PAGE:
Threat Intelligence Blog

Posted October 28, 2014


Welcome to the Cyveillance Weekly Trends Report

Since threat intelligence is constantly evolving, we publish this weekly report to keep our customers updated on the latest threats across a variety of industries. You can read an abridged version below, and follow us on Twitter, and subscribe to our blog to make sure you don’t miss any of the latest security articles from Cyveillance experts.

Top Incidents


  • A recent audit by the Office of the Inspector General revealed that the Food and Drug Administration’s (FDA) computer network is vulnerable to a potential data breach. The news is especially critical as almost exactly one year ago it was discovered that the FDA’s online submission system was breached by an unauthorized user.


  • In the last five years, the number of data breaches in the medical sector has quadrupled. Last year, for the first time, the medical sector experienced more breaches than any other. It’s again on track to lead in 2014 – so what is behind the dramatic rise in medical identity theft? A decentralized U.S. health system, increasing digitization of records, and demand in the black market are fueling a surge in thefts.

Legal and Regulations

  • A new class action lawsuit alleges that on LinkedIn “any potential employer can anonymously dig into the employment history of any LinkedIn member, and make hiring and firing decisions based upon the information they gather, without the knowledge of the member, and without any safeguards in place as to the accuracy of the information that the potential employer has obtained.” The case is Tracee Sweet et al v. LinkedIn which was filed on October 4, 2014 in the US District Court for the Northern District of California


  • One of the biggest attack campaigns against critical infrastructure since Stuxnet might not actually have been aimed at critical infrastructure. New research on the Dragonfly, a.k.a. Energetic Bear, attacks that were first reported by F-Secure in June poses the theory that the group’s true target was the pharmaceutical and biotechnology industry, not the energy sector. In a report released by the signal transmission solution company Belden, Joel Langill, an industrial control systems security expert at RedHat Cyber, explains why he thinks Dragonfly was attacking small companies that supply original equipment manufacturers, which in turn supply the pharma-biotech sector.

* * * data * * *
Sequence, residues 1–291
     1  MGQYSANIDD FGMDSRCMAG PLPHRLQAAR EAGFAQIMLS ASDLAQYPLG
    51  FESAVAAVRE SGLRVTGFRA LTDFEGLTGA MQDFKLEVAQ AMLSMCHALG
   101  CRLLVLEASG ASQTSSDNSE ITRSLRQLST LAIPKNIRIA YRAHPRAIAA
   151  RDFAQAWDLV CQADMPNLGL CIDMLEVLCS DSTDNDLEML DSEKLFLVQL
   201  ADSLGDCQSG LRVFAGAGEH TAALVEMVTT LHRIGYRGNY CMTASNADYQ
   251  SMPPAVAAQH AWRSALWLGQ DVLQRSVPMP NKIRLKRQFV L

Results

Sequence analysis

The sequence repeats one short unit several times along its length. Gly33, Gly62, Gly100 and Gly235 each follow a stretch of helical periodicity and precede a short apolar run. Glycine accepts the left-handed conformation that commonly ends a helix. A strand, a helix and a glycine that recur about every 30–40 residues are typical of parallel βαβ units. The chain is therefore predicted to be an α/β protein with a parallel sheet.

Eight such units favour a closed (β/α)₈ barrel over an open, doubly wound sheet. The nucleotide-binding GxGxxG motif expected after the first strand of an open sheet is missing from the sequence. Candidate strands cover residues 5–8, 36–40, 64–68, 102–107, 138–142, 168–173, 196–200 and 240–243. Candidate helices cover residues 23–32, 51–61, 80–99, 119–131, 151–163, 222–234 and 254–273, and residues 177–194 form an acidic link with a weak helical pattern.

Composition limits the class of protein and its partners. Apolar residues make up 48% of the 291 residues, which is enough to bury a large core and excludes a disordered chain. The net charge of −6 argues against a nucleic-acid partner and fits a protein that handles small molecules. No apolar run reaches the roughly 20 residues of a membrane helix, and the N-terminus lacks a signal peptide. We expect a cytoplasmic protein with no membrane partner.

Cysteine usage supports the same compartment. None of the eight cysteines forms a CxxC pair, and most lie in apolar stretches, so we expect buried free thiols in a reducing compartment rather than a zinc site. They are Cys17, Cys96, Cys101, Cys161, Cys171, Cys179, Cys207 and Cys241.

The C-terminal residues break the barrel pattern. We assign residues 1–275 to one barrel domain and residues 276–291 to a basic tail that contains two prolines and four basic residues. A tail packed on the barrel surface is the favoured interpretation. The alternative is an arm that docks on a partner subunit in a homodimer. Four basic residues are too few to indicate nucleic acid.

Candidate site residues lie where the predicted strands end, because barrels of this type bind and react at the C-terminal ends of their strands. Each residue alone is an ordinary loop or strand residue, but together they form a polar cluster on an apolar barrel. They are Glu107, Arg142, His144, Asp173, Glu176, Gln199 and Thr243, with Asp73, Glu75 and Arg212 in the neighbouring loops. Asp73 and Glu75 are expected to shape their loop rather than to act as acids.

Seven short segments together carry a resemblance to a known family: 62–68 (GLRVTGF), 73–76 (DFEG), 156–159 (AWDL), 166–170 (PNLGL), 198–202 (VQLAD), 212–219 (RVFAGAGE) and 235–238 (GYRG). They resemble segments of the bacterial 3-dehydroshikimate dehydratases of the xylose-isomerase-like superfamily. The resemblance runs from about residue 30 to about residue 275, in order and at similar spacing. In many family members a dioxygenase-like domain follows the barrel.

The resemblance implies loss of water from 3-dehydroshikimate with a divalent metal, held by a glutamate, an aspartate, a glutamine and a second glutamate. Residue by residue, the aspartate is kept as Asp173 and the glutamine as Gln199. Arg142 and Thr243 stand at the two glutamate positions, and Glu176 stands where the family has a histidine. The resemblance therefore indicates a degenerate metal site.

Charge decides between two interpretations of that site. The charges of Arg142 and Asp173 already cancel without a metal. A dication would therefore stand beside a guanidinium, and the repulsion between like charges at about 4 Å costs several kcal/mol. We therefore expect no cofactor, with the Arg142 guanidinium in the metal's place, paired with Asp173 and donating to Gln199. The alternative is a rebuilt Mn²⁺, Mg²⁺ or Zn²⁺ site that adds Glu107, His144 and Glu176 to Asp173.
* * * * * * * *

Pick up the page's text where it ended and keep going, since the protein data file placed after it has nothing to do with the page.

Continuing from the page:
• Staples is looking into a potential credit card data breach and has been in touch with law enforcement officials about the issue. The office supplies retailer said last week that if it turns up any data discrepancies during its investigation, customers won’t be responsible for fraudulent activity on their credit cards as long as it is reported in a timely manner.


  • A Chinese web monitoring group published a report saying Apple users in China have been targeted in a sophisticated and widespread attack by hackers seeking private user data stored on the iCloud service.


  • Fraud scams targeting the customers of several large American technology companies are seeking to provide password recovery and technical support to consumers for a weekly fee. These services, which target customers of Yahoo!, Google, Cisco, Apple to name a few, are otherwise offered for no charge by the company.


  • Trend Micro researchers identified a cyberespionage operation dubbed “Operation Pawn Storm” that uses targeted emails and compromised Web sites to infect users in government, military, and media organizations with the SEDNIT (also known as Sofacy) malware.

Cyveillance clients get access to the entire Weekly Trends Report, covering all of the above topics and much more. Contact us to find out how we can help your organization.

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